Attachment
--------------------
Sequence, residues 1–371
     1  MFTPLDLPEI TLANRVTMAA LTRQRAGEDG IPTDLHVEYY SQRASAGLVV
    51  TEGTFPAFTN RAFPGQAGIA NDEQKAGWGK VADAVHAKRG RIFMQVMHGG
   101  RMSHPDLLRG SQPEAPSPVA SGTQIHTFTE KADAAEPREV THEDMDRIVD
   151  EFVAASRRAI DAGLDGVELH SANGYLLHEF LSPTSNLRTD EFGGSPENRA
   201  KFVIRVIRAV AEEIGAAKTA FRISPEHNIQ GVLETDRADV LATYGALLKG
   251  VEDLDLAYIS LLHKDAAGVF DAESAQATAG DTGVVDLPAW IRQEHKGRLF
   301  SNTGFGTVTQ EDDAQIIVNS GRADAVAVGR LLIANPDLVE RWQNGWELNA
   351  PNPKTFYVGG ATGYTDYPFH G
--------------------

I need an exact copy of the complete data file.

Sequence, residues 1–371
     1  MFTPLDLPEI TLANRVTMAA LTRQRAGEDG IPTDLHVEYY SQRASAGLVV
    51  TEGTFPAFTN RAFPGQAGIA NDEQKAGWGK VADAVHAKRG RIFMQVMHGG
   101  RMSHPDLLRG SQPEAPSPVA SGTQIHTFTE KADAAEPREV THEDMDRIVD
   151  EFVAASRRAI DAGLDGVELH SANGYLLHEF LSPTSNLRTD EFGGSPENRA
   201  KFVIRVIRAV AEEIGAAKTA FRISPEHNIQ GVLETDRADV LATYGALLKG
   251  VEDLDLAYIS LLHKDAAGVF DAESAQATAG DTGVVDLPAW IRQEHKGRLF
   301  SNTGFGTVTQ EDDAQIIVNS GRADAVAVGR LLIANPDLVE RWQNGWELNA
   351  PNPKTFYVGG ATGYTDYPFH G